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I can access WMS and WFS using SOAP and XML. Is there an option to access it using REST and JSON?

I have gone through the specification and couldn't even find the word REST mentioned once.

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    these specifications were created when everything was supposed to be done with SOAP and XML; the publications with the REST paradigm/architectural style weren't written yet. – knb Feb 9 '16 at 9:28
  • @knb That's not correct. Roy Fielding's dissertation that described REST amongst other architectural styles (ics.uci.edu/~fielding/pubs/dissertation/top.htm) was published in 2000. The WMS 1.3.0 specification was published in 2006. WFS 2.0.0 was published in 2010. – nmtoken Feb 28 '16 at 13:15
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    The question confuses two things, REST which is an architectural style and JSON which is a media format. You can get WMS (GetFeatureInfo) and WFS to supply you with JSON as an output format (for example see docs.geoserver.org/stable/en/user/services/wms/…). Interestingly as REST requires hypermedia formats and JSON doesn't define a standard a way of encoding URLs (see json.org) and thus can't be defined as such a hypermedia format, a system that just uses JSON cannot be described as RESTful – nmtoken Feb 28 '16 at 13:28
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    @nmtoken I think your comments would make an excellent answer to this question. – PolyGeo Mar 4 '16 at 3:00
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    @PolyGeo thanks for encouraging me to convert my comments into an answer, time will tell whether it is deemed to be excellent. Worth it for me because I realised by revisiting my references that REST pre-dates SOAP and not the other way around as is often implied. – nmtoken Mar 7 '16 at 6:48
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As @PolyGeo suggested, I am converting my comments into an answer. The answer is split into three parts to broadly reflect the three comments I made.

Part 1

Roy Fielding's dissertation that described Representational State Transfer (REST) amongst other architectural styles Architectural Styles and the Design of Network-based Software Architectures was published in 2000.

The dissertation tells us:

Since 1994, the REST architectural style has been used to guide the design and development of the architecture for the modern Web. This chapter describes the experience and lessons learned from applying REST while authoring the Internet standards for the Hypertext Transfer Protocol (HTTP) and Uniform Resource Identifiers (URI)...

and also:

The name "Representational State Transfer" is intended to evoke an image of how a well-designed Web application behaves: a network of web pages (a virtual state-machine), where the user progresses through the application by selecting links (state transitions), resulting in the next page (representing the next state of the application) being transferred to the user and rendered for their use.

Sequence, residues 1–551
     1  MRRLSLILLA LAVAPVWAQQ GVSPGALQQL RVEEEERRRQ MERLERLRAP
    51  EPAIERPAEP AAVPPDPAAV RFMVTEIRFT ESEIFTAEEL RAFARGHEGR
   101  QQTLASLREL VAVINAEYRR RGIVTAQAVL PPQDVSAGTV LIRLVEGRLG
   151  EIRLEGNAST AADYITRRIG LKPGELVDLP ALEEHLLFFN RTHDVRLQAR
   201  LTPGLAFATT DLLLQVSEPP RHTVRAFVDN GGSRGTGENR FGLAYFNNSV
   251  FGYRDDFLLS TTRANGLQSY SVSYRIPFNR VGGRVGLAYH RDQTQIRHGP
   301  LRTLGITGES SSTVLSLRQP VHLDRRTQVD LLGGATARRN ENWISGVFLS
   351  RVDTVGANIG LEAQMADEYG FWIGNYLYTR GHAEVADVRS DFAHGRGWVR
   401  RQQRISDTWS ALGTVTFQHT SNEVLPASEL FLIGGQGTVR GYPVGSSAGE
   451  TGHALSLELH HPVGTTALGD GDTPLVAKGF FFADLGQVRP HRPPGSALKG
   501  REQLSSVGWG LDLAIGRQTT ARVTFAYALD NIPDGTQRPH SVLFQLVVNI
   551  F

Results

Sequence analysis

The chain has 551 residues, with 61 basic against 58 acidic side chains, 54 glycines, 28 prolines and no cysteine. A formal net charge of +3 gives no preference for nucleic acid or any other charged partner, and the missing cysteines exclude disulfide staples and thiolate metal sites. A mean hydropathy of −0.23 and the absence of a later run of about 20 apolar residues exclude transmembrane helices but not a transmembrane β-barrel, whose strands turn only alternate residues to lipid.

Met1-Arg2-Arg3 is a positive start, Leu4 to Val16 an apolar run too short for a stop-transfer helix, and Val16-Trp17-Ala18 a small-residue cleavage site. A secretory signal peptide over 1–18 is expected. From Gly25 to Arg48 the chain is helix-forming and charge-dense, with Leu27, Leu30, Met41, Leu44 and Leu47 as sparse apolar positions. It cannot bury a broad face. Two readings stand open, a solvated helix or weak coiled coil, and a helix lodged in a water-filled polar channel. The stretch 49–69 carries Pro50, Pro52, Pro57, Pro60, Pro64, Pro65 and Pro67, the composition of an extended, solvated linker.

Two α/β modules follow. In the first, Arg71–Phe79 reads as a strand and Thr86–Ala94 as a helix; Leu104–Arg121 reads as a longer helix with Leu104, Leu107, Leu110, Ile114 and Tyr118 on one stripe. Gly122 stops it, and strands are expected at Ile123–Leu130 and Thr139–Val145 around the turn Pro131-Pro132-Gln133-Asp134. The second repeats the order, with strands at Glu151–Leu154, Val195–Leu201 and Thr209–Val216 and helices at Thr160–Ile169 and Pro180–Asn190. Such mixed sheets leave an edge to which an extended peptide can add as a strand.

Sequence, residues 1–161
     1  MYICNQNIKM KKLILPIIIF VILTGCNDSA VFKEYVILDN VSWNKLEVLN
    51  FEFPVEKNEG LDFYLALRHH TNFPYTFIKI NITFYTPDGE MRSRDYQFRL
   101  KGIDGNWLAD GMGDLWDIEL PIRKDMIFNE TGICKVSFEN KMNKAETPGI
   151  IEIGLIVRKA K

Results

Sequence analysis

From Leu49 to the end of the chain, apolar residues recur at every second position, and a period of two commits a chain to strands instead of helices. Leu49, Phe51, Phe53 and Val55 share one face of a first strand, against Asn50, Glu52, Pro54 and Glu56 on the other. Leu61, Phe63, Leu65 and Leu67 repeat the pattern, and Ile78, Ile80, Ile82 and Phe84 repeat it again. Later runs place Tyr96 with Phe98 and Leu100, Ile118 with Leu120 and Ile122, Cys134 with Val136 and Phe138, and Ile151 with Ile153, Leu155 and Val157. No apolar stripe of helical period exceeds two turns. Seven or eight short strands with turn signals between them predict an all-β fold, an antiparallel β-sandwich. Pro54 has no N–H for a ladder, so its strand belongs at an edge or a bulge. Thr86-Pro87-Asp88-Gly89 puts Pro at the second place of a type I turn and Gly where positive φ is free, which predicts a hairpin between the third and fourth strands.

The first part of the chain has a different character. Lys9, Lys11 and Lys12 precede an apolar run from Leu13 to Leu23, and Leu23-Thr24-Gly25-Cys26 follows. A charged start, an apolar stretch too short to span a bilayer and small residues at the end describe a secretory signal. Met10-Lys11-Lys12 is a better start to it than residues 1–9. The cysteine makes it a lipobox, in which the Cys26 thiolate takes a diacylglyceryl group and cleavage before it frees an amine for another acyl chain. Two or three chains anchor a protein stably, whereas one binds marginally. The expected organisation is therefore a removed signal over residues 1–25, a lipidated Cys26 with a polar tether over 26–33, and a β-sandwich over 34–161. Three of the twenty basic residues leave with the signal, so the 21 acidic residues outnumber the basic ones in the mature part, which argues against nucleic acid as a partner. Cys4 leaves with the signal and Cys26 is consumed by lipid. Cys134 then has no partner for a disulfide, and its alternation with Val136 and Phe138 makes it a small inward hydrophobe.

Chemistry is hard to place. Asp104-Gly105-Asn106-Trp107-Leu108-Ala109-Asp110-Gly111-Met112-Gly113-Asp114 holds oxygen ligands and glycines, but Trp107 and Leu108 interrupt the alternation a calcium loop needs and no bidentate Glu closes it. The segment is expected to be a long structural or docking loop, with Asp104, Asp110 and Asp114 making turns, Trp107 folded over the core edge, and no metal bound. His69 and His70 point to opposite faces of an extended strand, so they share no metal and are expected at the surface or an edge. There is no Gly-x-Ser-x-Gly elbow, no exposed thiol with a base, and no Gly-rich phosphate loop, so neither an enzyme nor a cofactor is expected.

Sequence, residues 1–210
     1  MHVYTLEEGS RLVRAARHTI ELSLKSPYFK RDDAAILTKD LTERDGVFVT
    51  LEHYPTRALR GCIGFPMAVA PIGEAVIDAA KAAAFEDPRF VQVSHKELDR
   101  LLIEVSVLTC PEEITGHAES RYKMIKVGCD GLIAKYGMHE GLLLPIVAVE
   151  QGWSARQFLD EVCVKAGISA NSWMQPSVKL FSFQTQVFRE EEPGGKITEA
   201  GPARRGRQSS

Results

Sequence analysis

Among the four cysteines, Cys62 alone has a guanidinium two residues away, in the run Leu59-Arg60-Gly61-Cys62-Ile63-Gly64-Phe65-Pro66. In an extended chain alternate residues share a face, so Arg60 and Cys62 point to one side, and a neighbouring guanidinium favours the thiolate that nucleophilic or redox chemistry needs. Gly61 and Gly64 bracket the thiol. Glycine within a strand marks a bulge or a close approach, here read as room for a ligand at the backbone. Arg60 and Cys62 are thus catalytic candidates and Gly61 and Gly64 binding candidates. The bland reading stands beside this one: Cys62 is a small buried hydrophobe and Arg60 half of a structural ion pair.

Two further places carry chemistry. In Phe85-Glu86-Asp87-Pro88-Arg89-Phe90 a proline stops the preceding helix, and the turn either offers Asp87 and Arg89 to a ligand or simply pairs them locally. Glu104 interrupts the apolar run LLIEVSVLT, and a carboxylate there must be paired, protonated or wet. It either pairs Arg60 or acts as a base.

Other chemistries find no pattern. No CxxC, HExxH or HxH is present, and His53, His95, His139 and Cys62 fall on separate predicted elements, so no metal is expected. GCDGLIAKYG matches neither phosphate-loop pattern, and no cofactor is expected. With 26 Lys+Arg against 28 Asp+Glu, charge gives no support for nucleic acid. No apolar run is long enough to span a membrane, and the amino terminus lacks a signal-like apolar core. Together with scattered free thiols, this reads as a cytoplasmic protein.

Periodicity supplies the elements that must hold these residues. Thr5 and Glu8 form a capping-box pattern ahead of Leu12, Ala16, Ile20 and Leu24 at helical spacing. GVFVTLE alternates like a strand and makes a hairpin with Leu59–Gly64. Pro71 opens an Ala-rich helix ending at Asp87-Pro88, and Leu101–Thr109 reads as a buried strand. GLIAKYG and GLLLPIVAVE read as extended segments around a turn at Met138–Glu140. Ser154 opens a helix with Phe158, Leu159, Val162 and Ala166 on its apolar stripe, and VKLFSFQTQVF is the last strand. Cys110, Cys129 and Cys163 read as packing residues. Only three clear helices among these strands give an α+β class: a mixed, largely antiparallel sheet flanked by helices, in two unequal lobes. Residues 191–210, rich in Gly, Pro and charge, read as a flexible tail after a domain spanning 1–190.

and

REST is not intended to capture all possible uses of the Web protocol standards. There are applications of HTTP and URI that do not match the application model of a distributed hypermedia system.

Numerous OGC web service interface standards have been published since the REST architectural style was described ~ WMS 1.1.1 (2002), OWS Common 1.0 (2005), WCS 1.0 (2005), WMS 1.3.0 (2006), WFS 2.0.0 (2010), OWS Common 2.0 (2010), WCS 2.0 (2012) etc... The list is not comprehensive, but you can see that the opportunity to define a RESTful way of interfacing with spatial data through OGC services has existed for some time, just not implemented, either because there has been no demand until recently, or because the style doesn't naturally fit.

Part 2

The question confuses two things, REST which is an architectural style (see part 1) and JavaScript Object Notation (JSON) which is a lightweight data-interchange format (see json.org). JSON is not regarded as a hypermedia format, because the notation does not formalize a way for encoding URIs. As JSON is not a hypermedia format, and as REST requires hypermedia/hypertext, a system that just uses JSON cannot be described as RESTful.

See: REST APIs must be hypertext-driven ~ Roy T. Fielding (2008) and: REST: I don't Think it Means What You Think it Does ~ Stefan Tilkov (2014)

Part 3

So it is possible currently to have output delivered to you from an OGC service in some JSON formats (though none of these formats are defined by OGC), for example you can get both WMS (GetFeatureInfo) and WFS to supply you with JSON.

OGC is currently looking to define some JSON based formats for the transfer of Geospatial data, for example OM-JSON for Observation and Measurement data.

OGC is also currently looking at how it might address REST in relation to their web service interface standards, for example the next versions of WFS and OWS common are looking at this aspect.

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    I think the intent of the question is clear. Why are we still dealing with XML on the browser? We badly need a JSON interface and why not one that is compatible with ESRI JSON? – ca0v Jun 11 '16 at 18:12
  • Circa 2019 we see OGC API (previously called WFS3) as implementing this. – BradHards Jun 18 at 11:36
  • OGC API Features, but it's still not REST, will offer JSON and XML inter al – nmtoken Jun 18 at 11:40

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